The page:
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Research Papers: Codes and Standards

Technical Basis for Acceptance/Rejection Criteria for Flaws in High Pressure Gas Cylinder

[+] Author and Article Information
Mahendra D. Rana

 Praxair, Inc., 175 East Park Drive, Tonawanda, NY 14151

John H. Smith

8174 Inverness Ridge Road, Potomac, MD 20854

Henry Holroyd

 Luxfer Gas Cylinders, 3016 Kansas Avenue, Riverside, CA 92507

J. Pressure Vessel Technol 132(6), 061102 (Oct 19, 2010) (7 pages) doi:10.1115/1.4001657 History: Received October 17, 2009; Revised March 07, 2010; Published October 19, 2010; Online October 19, 2010

The objective of this paper is to present the technical basis used for developing acceptance/rejection limits for seamless, high pressure gas cylinders that can be used at the time of retesting the cylinders. The development of acceptance/rejection limits for cylinders is done in three steps. First, the “critical flaw sizes” (e.g., depth and length or area) for selected types of flaws are established by an analysis procedure that has been verified by experimental tests. Next the “allowable flaw sizes” are calculated by modifying (reducing) the size of the critical flaw sizes for each cylinder by adjusting for fatigue crack growth that may occur during the use of the cylinder. Finally, the “acceptance/rejection criteria” is established to take into account other factors, such as all the expected operating conditions that the cylinders may see in service, and the reliability and detectability of the specific inspection equipment to be used and to adjust the allowable flaw sizes to provide an additional margin of safety. This acceptance/rejection limits have been incorporated in a recently published ISO Technical Report No. TR 22694:2008 (2007, “Gas Cylinders—Methods for Establishing Acceptance/Rejection Criteria for Flaws in Seamless Steel and Aluminum Alloy Cylinders at Time of Periodic Inspection and Requalification,” The International Standards Organization, Geneva, Switzerland, Technical Report No. 22694). In this work, the API 579 “Recommended Practice for Fitness-for-Service” (2000, API 579: Recommended Practice for Fitness-for-Service, 1st ed., American Petroleum Institute, Washington, DC) was used to calculate the critical flaw sizes for a range of cylinder sizes and strength levels. For this study, the critical flaw size is defined as the size of the flaw that will cause the cylinders to fail at the test pressure of the cylinder. The results of flawed-cylinder burst tests were used to experimentally verify the calculated critical flaw sizes. The allowable flaw sizes were then calculated by using well established fatigue crack growth rate data for steel and aluminum alloys to allow for the expected amount of fatigue crack growth that may occur during the specified retesting intervals. A limited number of tests was conducted to verify the allowable flaw size calculations. Further adjustments are made to the allowable flaw sizes to define the acceptance/rejection criteria to be used during cylinder retesting.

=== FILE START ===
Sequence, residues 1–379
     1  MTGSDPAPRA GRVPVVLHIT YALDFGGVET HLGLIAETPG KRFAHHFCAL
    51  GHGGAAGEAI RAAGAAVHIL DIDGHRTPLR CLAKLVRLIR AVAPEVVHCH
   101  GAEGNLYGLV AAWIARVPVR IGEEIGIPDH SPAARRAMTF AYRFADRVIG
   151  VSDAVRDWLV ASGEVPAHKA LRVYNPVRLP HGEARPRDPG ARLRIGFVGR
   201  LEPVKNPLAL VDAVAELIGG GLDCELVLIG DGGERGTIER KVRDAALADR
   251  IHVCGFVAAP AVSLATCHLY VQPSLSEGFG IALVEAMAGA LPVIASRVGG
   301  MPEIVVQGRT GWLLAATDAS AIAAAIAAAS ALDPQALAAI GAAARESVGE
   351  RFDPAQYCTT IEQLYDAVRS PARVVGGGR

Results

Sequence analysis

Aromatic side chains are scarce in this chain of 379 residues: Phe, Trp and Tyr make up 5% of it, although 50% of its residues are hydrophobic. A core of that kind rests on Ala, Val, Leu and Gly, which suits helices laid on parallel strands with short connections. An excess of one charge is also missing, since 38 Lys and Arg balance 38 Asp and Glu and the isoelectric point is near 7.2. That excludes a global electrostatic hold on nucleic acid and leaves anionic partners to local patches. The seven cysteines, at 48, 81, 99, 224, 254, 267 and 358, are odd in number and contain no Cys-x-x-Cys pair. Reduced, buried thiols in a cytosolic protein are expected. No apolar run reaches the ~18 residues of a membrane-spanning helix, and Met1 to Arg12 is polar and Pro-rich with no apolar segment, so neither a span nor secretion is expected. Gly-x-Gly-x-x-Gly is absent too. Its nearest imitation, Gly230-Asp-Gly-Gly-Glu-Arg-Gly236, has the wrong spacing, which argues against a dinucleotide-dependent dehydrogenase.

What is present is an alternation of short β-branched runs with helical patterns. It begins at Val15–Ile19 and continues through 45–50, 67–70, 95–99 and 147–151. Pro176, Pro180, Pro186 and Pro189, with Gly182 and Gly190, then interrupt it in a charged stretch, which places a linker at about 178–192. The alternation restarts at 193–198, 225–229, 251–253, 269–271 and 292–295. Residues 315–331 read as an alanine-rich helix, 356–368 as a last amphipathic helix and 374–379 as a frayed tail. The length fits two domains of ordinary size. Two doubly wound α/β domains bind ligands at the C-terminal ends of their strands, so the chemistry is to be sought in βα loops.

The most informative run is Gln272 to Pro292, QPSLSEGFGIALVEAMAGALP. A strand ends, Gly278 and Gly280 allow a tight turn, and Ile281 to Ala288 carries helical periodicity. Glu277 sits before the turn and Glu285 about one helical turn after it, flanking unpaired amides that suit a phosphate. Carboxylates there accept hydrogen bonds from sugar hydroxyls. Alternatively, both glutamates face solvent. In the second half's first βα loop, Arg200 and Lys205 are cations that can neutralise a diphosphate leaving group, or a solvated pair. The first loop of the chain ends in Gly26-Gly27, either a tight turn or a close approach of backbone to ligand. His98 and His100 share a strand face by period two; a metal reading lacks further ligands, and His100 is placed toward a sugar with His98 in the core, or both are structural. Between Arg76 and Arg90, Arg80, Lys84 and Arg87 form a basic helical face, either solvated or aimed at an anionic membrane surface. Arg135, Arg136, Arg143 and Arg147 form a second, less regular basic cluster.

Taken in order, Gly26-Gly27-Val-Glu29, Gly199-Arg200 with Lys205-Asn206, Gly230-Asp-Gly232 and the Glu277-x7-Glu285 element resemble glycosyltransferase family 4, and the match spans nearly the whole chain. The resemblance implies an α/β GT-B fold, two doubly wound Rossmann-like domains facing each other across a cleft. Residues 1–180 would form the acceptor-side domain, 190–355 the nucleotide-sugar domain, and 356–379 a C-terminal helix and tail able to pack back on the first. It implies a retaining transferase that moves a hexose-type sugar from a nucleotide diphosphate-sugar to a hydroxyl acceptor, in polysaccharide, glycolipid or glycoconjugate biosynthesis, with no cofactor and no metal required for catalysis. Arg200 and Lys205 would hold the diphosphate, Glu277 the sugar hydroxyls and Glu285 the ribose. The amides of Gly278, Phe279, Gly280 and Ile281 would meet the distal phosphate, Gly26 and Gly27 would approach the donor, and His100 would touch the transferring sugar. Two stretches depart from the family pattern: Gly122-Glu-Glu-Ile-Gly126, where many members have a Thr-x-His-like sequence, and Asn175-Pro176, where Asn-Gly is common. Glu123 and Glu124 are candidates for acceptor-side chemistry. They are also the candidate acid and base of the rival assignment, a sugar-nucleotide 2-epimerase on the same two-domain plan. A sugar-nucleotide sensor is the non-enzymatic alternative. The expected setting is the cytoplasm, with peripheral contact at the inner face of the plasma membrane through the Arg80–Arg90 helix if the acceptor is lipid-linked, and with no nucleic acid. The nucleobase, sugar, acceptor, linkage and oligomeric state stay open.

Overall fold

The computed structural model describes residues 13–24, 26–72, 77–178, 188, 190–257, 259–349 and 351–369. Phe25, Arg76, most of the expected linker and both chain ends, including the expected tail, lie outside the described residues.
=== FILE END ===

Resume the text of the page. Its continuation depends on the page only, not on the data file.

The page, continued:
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Copyright © 2010 by American Society of Mechanical Engineers
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Figures

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Figure 1

Verification of the API 579 analysis for seamless steel cylinders covering a range of compositions

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Figure 2

Critical flaw size for failure pressure equal to 450 bar test pressure; RSF of 0.67 for steel cylinders

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Figure 3

Critical flaw size for failure pressure equal to 369 bar test pressure; RSF of 0.67 for aluminum cylinders

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Figure 4

Allowable flaw sizes for steel cylinders with 310 bar working pressure, 235 mm outside diameter, and 6.6 mm wall cylinder: —▲— initial flaw at 465 bar test pressure, —◼— critical flaw with cyclic pressure of 310 bar and 3500 cycles

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Figure 5

Effect of diameter and thickness on the allowable flaw size for failure pressure equal to 450 bar test pressure and 3500 cycles at 300 bar working pressure for various steel compositions

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Figure 6

Master curve for the allowable flaw size for seamless steel cylinders

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Figure 7

Master curve for all aluminum alloy cylinders

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Figure 8

Flaw acceptance/rejection criteria from the master curve on the allowable flaw size for seamless steel cylinders

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Figure 9

Flaw acceptance/rejection criteria from the master curve on the allowable flaw size for seamless all aluminum alloy cylinders

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